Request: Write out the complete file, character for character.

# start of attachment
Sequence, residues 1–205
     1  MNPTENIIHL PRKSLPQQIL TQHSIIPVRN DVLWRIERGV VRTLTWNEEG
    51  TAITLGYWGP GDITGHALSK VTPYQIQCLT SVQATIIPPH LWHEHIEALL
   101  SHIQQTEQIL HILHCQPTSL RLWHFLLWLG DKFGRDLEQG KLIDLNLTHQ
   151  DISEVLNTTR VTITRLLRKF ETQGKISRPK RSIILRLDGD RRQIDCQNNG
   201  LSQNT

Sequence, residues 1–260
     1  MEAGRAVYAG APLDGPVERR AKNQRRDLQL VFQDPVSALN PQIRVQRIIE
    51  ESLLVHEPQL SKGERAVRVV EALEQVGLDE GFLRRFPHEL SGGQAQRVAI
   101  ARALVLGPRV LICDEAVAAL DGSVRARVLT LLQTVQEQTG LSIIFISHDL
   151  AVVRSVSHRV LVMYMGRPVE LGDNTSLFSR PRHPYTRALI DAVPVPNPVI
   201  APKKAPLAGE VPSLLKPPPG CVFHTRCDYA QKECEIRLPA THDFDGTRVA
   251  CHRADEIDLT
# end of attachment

Sequence, residues 1–205
     1  MNPTENIIHL PRKSLPQQIL TQHSIIPVRN DVLWRIERGV VRTLTWNEEG
    51  TAITLGYWGP GDITGHALSK VTPYQIQCLT SVQATIIPPH LWHEHIEALL
   101  SHIQQTEQIL HILHCQPTSL RLWHFLLWLG DKFGRDLEQG KLIDLNLTHQ
   151  DISEVLNTTR VTITRLLRKF ETQGKISRPK RSIILRLDGD RRQIDCQNNG
   201  LSQNT

Sequence, residues 1–260
     1  MEAGRAVYAG APLDGPVERR AKNQRRDLQL VFQDPVSALN PQIRVQRIIE
    51  ESLLVHEPQL SKGERAVRVV EALEQVGLDE GFLRRFPHEL SGGQAQRVAI
   101  ARALVLGPRV LICDEAVAAL DGSVRARVLT LLQTVQEQTG LSIIFISHDL
   151  AVVRSVSHRV LVMYMGRPVE LGDNTSLFSR PRHPYTRALI DAVPVPNPVI
   201  APKKAPLAGE VPSLLKPPPG CVFHTRCDYA QKECEIRLPA THDFDGTRVA
   251  CHRADEIDLT